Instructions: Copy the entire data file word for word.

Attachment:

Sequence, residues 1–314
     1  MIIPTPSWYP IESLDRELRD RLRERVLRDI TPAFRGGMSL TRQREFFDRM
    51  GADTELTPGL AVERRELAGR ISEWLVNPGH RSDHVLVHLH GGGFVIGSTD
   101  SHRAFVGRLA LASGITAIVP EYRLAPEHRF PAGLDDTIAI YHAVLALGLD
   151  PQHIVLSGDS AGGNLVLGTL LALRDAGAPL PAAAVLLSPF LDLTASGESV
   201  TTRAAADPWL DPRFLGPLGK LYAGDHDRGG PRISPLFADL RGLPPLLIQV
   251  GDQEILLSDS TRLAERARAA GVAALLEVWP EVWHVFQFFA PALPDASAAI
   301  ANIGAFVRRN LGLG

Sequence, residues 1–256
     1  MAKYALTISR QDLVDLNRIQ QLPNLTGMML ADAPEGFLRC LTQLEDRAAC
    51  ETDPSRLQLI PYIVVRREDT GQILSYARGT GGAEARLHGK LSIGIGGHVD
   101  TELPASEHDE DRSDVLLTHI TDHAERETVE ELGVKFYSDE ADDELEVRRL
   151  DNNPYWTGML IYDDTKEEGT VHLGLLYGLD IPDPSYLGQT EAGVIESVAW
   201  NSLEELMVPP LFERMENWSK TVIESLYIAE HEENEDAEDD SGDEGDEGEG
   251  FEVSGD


Sequence, residues 1–314
     1  MIIPTPSWYP IESLDRELRD RLRERVLRDI TPAFRGGMSL TRQREFFDRM
    51  GADTELTPGL AVERRELAGR ISEWLVNPGH RSDHVLVHLH GGGFVIGSTD
   101  SHRAFVGRLA LASGITAIVP EYRLAPEHRF PAGLDDTIAI YHAVLALGLD
   151  PQHIVLSGDS AGGNLVLGTL LALRDAGAPL PAAAVLLSPF LDLTASGESV
   201  TTRAAADPWL DPRFLGPLGK LYAGDHDRGG PRISPLFADL RGLPPLLIQV
   251  GDQEILLSDS TRLAERARAA GVAALLEVWP EVWHVFQFFA PALPDASAAI
   301  ANIGAFVRRN LGLG

Sequence, residues 1–256
     1  MAKYALTISR QDLVDLNRIQ QLPNLTGMML ADAPEGFLRC LTQLEDRAAC
    51  ETDPSRLQLI PYIVVRREDT GQILSYARGT GGAEARLHGK LSIGIGGHVD
   101  TELPASEHDE DRSDVLLTHI TDHAERETVE ELGVKFYSDE ADDELEVRRL
   151  DNNPYWTGML IYDDTKEEGT VHLGLLYGLD IPDPSYLGQT EAGVIESVAW
   201  NSLEELMVPP LFERMENWSK TVIESLYIAE HEENEDAEDD SGDEGDEGEG
   251  FEVSGD